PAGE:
Using multi-tenant AAD delegated APIs from different tenants

This post looks at implementing and using Azure AD multiple tenant applications from different tenants. A service principal needs to be created for the tenant using the multi-tenant API and consent needs to be given for the API scope. The API will accept tokens from different issuers which need to be validated. It is important that all tenants allowed to use the API are validated.


Setup API Azure App Registration

A multi-tenant API Azure App registration is used to expose the scope which is required to use the API. The API is implemented using ASP.NET Core and validates this claim in the JWT token as well as other claims. V2 tokens are required and only delegated access tokens are created from this App registration.

Implement the API

An ASP.NET Core application implements the API and the security logic validating the access token. An explicit list of issuers can use the API The API validates that a secret is required to authenticate and the client that requested the access token is also validated. The authorization handler validates that the token have a scope claim which means that it is a delegated access token (if produced by Azure AD). Great care has to be taken when using mutli-tenant app registrations because any tenant can use this but not any tenant should be allowed to use the API.

    .AddJwtBearer(JwtBearerDefaults.AuthenticationScheme, options =>
        options.MetadataAddress = aadMetadataAddress;
        //options.Authority = issuert1;
        options.Audience = aud;
        options.TokenValidationParameters = new TokenValidationParameters
            ValidateIssuer = true,
            ValidateAudience = true,
            ValidateIssuerSigningKey = true,
            ValidAudiences = new List<string> { aud },
            ValidIssuers = new List<string> { issuert1 }

services.AddSingleton<IAuthorizationHandler, ValidTenantsAndClientsHandler>();

services.AddAuthorization(policies =>
    policies.AddPolicy("ValidTenantsAndClients", p =>
        // only delegated trusted  known clients allowed to use the API
        p.Requirements.Add(new ValidTenantsAndClientsRequirement());

        // Validate id of application for which the token was created
        p.RequireClaim("azp", azpClientId);

        // client secret = 1, 2 if certificate is used
        p.RequireClaim("azpacr", "1");

services.AddControllers(options =>
    var policy = new AuthorizationPolicyBuilder()
    options.Filters.Add(new AuthorizeFilter(policy));

The handler validates that the scope claim has the expected value. Together with the rest of the validation, it is possible the validate that the access token is intended for this API.

public class ValidTenantsAndClientsHandler 
	: AuthorizationHandler<ValidTenantsAndClientsRequirement>

    protected override Task HandleRequirementAsync(
		AuthorizationHandlerContext context,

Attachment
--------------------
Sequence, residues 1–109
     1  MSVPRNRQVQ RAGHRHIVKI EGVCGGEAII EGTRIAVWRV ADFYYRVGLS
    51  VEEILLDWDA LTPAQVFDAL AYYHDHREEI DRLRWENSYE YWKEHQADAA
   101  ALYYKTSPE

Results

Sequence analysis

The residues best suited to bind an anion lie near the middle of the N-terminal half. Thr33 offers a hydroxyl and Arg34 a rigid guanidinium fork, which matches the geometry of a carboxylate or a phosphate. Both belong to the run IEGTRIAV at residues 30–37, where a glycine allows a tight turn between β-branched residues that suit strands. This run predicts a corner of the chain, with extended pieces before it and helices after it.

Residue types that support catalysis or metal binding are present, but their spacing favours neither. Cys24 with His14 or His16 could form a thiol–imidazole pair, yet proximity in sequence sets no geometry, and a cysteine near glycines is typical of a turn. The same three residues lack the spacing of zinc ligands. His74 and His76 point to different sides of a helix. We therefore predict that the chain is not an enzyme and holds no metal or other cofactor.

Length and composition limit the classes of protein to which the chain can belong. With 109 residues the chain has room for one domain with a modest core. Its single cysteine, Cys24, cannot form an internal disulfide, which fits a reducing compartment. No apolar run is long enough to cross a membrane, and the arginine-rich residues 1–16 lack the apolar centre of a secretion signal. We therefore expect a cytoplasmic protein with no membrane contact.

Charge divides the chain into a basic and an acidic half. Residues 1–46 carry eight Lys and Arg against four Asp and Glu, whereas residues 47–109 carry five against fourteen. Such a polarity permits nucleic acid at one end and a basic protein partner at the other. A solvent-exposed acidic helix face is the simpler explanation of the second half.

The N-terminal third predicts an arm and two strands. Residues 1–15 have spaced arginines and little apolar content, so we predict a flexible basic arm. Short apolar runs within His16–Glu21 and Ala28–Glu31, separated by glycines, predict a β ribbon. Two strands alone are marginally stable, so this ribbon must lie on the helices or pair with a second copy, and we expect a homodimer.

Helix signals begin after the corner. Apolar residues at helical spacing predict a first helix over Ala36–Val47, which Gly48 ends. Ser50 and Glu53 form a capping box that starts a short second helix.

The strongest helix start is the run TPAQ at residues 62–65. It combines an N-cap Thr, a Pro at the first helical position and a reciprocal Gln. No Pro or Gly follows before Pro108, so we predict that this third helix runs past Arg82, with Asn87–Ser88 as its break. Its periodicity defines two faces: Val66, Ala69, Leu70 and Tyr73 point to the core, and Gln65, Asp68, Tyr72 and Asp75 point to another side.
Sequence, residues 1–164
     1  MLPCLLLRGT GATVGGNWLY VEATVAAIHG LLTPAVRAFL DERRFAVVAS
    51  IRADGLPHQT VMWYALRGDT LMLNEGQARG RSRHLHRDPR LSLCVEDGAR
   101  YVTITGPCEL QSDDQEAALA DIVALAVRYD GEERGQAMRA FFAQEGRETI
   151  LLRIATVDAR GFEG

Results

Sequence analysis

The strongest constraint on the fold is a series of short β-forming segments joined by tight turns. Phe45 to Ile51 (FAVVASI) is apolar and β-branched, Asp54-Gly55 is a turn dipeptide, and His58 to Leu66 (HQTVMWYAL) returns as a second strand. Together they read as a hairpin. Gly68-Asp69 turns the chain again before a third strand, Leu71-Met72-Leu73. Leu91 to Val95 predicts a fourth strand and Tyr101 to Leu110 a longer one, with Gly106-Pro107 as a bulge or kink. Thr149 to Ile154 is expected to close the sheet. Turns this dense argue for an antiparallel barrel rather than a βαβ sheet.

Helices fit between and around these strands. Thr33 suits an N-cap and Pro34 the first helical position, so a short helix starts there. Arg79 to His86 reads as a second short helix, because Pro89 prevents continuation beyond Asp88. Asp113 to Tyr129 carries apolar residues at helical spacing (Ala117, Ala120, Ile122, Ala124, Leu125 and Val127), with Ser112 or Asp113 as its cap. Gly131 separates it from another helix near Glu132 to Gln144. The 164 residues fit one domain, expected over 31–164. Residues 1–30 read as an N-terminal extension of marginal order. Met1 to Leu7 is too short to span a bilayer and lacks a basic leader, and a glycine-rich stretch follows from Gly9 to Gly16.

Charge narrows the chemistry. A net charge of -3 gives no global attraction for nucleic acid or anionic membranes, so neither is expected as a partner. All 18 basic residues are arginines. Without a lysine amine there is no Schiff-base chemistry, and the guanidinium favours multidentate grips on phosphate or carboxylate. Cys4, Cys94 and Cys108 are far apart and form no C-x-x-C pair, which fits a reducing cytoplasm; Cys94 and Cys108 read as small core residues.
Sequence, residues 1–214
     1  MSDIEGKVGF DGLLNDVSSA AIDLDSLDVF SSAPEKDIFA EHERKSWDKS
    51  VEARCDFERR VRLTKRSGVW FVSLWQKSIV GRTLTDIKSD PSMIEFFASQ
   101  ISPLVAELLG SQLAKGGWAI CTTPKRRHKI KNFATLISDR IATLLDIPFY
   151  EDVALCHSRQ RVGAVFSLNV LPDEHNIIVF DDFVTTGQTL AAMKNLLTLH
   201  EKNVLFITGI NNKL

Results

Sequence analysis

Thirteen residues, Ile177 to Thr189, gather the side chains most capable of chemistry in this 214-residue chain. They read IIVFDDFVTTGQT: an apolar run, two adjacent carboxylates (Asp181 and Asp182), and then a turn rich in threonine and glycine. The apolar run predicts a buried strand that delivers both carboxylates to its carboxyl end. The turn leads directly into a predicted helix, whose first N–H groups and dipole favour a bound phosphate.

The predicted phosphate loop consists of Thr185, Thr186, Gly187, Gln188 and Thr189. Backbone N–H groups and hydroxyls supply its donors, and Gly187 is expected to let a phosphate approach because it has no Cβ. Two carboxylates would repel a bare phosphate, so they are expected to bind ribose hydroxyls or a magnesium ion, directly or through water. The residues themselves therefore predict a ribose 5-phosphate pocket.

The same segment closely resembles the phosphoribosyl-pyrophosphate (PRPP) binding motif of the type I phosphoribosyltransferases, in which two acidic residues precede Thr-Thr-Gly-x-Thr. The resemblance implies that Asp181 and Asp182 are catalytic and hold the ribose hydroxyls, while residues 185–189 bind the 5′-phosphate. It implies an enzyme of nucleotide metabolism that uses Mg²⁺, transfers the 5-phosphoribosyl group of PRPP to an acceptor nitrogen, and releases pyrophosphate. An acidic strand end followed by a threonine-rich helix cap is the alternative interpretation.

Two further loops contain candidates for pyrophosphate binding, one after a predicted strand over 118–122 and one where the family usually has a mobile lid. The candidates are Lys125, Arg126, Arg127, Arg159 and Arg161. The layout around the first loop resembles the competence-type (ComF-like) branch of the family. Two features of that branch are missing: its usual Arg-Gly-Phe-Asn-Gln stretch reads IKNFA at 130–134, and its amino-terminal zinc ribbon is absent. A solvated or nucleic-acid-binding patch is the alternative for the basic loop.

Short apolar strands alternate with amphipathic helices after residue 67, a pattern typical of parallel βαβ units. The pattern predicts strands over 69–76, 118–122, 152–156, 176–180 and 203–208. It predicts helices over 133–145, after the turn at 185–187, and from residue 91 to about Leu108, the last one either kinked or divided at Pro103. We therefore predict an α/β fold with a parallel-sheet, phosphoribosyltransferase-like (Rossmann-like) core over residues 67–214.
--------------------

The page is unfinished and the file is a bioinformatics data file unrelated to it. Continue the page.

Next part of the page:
ValidTenantsAndClientsRequirement requirement)
        if (context == null)
            throw new ArgumentNullException(nameof(context));
        if (requirement == null)
            throw new ArgumentNullException(nameof(requirement));

        var scopeClaim = context.User.Claims.FirstOrDefault(t => t.Type == "scope");

        if (scopeClaim != null)
            var scopes = scopeClaim.Value.Split(" ", 
            if (scopes.Any(t => t == "access_as_user"))

        return Task.CompletedTask;

Setup Service Principal for other tenants

Now that the application is ready and the App registration exists, a service principal can be created for this Azure App registration in the target tenant.

Connect-AzureAD -TenantId '<UI-tenantId>'                                            

New-AzureADServicePrincipal -AppId 'AppId-from-multi-tenant-api'

Give consent in your tenant to the Enterprise applications

The service principal can be found in the Enterprise applications blade.

  1. Open the Enterprise Applications blade
  2. Find your enterprise application using the Guid ObjectId from the Powershell script
  3. Open the permissions blade
  4. Grant Admin consent if you require to use local tenant permissions

Using and consent

To use the UI application and the multi-tenant API, consent must be given, usually by a tenant administrator on behalf of all users in this tenant. Different consents screens are displayed depending on the Azure tenant policies and the person using the application.

Once consent ahs been given, this can be viewed in the API permissions of the Enterprise application created for the target tenant.

The extra step of explicitly allowing the tenants that can use the API has advantages. You can continue to use delegated scopes and implement token exchange protocols for the downstream APIs where required. This is a secure way of connecting software systems using different identity providers if implemented correctly. A disadvantage with the approach is that each admin must give consent to use the API on their tenant.



  1. […] Using multi-tenant AAD delegated APIs from different tenants [#.NET #.NET Core #ASP.NET Core #Azure #Azure AD #aad #aspnetcore #AzureAD #consent #Jwt #multiTenant] […]

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